In some sense, modern physics is already positing a two-level existence, insofar as it speaks of both an observable physical world that we live in every day, and a kind of “substructure” beneath that of “strings,” “membranes,” or pure space. Of course, that substructure is not quite the same as a simulation that is being actively manipulated by some outside force. But we are still talking about the difference between what seems to be a world of perceptible matter and a “lower level” world or “bottom layer” that is something else — indeed, perhaps not a “thing” at all. What that world behind this one might be is open to speculation. In our analogy above, it was a continually projected television image. Chalmers, cited earlier, has looked at various possibilities, including the idea, related to that of Stephen Wolfram and, earlier, Konrad Zuse, that “behind” our perceived physical universe is a computational one.
These ideas present difficult problems in several respects. For one, the supposition of “another level” of reality, e.g., one that is running a simulation, leads to the classic problem of infinite regress: is that “other level” itself simulated? Also left unanswered is the question of what the “substrate” of these realities might be; at some level, is there a distinct substrate that the virtual realities lack? Even in a simpler scheme, where we might conjecture the denizens some kind of solid reality perpetrating a simulation to which we are subject, there is the issue of the medium through which the simulation is taking place. If we are living in a simulation, a scenario Bostrom describes, we need to consider how it might be constructed. More profoundly, if we are living inside a simulation, do we have the tools to find out or to talk about intelligently? This paper, of course, suggests that we might be able to do so, but not without difficulty.
Related to this is the problem of differentiating between the observer and the observed reality. Contemporary physics implies a fairly distinct difference, even with the suggestion of observer influence posited by quantum mechanical theory. We walk around feeling ourselves to be observers of a rather separate material world. Even physicists usually consider themselves as entities carrying out experiments using apparatus that is separate from themselves. But both we and that world are made of the same basic physical substance — atoms, “strings”, whatever — and yet one side is conscious of the other. That is, how can one group of atoms — ones that happened to be configured into the form of a human brain — be conscious of, observe, and measure another group of atoms, the ones comprising the external, material world?
On an even more subtle level, a real problem might be a model where, in fact, there is not another reality beyond our perceived one, and our perceived reality is the only one. This would prevent us from putting forward an explanatory framework that relied upon the postulation of some further substrates beyond the ones we usually observe, but it would lead to a host of other questions.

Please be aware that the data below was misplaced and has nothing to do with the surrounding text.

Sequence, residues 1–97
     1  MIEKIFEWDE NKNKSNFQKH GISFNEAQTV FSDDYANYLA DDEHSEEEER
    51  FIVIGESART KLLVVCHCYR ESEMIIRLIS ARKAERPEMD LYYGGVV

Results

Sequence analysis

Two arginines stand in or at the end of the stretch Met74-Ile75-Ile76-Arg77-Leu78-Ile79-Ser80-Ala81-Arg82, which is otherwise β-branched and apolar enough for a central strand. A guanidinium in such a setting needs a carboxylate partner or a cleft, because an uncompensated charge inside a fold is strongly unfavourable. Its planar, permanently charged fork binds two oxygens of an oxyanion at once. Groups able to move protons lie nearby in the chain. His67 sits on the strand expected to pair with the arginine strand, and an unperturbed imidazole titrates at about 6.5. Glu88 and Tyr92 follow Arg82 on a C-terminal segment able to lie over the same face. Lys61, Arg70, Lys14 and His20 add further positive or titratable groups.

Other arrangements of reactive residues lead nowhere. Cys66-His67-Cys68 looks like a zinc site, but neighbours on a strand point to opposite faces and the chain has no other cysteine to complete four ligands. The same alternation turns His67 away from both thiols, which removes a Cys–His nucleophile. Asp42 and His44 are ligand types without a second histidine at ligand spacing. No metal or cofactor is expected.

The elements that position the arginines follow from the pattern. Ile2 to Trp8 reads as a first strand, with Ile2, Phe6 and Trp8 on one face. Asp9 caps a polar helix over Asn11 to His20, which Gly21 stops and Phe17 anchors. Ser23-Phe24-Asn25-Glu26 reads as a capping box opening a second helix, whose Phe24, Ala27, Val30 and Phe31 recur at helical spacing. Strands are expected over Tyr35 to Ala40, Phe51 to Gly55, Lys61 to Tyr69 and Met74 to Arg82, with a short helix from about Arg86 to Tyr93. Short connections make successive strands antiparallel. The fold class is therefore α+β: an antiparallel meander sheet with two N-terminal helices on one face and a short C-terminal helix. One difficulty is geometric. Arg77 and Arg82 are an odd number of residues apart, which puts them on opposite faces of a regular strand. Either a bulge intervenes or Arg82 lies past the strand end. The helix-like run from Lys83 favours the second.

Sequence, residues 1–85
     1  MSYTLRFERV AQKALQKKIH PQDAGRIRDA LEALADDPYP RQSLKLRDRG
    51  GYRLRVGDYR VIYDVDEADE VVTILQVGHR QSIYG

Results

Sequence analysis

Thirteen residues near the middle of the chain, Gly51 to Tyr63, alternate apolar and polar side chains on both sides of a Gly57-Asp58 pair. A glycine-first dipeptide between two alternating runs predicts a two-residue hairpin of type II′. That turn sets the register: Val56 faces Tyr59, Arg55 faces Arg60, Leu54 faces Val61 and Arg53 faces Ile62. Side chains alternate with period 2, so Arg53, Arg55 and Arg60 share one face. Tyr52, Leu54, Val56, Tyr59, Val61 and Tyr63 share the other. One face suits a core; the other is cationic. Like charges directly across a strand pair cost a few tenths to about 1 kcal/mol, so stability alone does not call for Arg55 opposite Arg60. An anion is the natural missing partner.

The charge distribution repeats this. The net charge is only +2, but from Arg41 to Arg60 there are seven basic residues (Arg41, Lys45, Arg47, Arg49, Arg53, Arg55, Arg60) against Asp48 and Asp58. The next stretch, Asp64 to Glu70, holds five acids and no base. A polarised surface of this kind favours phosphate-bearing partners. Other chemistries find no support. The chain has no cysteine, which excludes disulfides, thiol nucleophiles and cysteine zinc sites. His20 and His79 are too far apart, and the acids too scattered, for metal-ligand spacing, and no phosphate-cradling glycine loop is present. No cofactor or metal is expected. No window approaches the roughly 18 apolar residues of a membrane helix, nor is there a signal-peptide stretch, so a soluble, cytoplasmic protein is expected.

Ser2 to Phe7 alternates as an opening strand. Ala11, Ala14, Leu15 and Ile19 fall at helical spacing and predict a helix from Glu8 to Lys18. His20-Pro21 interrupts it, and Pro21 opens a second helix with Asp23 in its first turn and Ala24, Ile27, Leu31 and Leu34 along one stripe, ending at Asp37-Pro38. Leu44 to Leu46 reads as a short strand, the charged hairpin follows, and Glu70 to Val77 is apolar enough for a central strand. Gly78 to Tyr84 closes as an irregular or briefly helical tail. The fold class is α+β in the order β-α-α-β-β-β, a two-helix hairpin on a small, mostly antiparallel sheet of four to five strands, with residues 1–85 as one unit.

Finally, most challenging might be a look at the philosophical tools themselves that we are using. Perhaps it the very nature of language, with its prepositional bias toward hierarchies, that has led us to build problematic models that deal with “levels”, “substrates”, “components” such as sub-atomic particles and strings, and so on — models that ultimately lead to the kind of apparently irresolvable and paradoxical questions we have encountered here. The primary languages of physics have been German, French, Russian, and English, but one wonders what a physics that arose in a non-Western language framework might have looked like. Might it have had philosophical or at least descriptive tools that we lack?
This paper has addressed one aspect of the larger philosophical issue of reality versus simulation, through the adoption of a basic physical model. In that model, there is an observer who believes that they are having a direct, unmediated experience with an outside material reality. In actuality, the observer has been interacting with a televised simulation. They discover this through a relatively simple observation: that the interference pattern they perceive in a certain situation seems to have no source. They conclude that since interference patterns are always the result of at least two sources, the second source must be from the very mode in which they perceive their world. The key point here is that it may indeed be possible to construct a physical test for this kind of simulation. More significantly, this means that at least in this kind of case, one can detect a simulation from within the simulation itself.
 I extend my appreciation to David Spolum, Sam Durso, and Craig Merow for their enlightening and clarifying discussions concerning the topics treated in this paper. Two of former students, Maxwell Mangel and Michael Bruns, provided enthusiastic input and inspiration in the initial research for this paper.
 For an introduction to the “Brain in a Vat” scenario, see the first chapter of Hilary Putnam, Reason, Truth and History (Cambridge: Cambridge University Press, 1981). “The Matrix” film adopts Putnam’s scenario, along with a number of other philosophical constructs; see Joel Silver, producer, and Larry and Andy Wachowski, directors, “The Matrix” (Burbank, CA: Warner Brothers, 1999).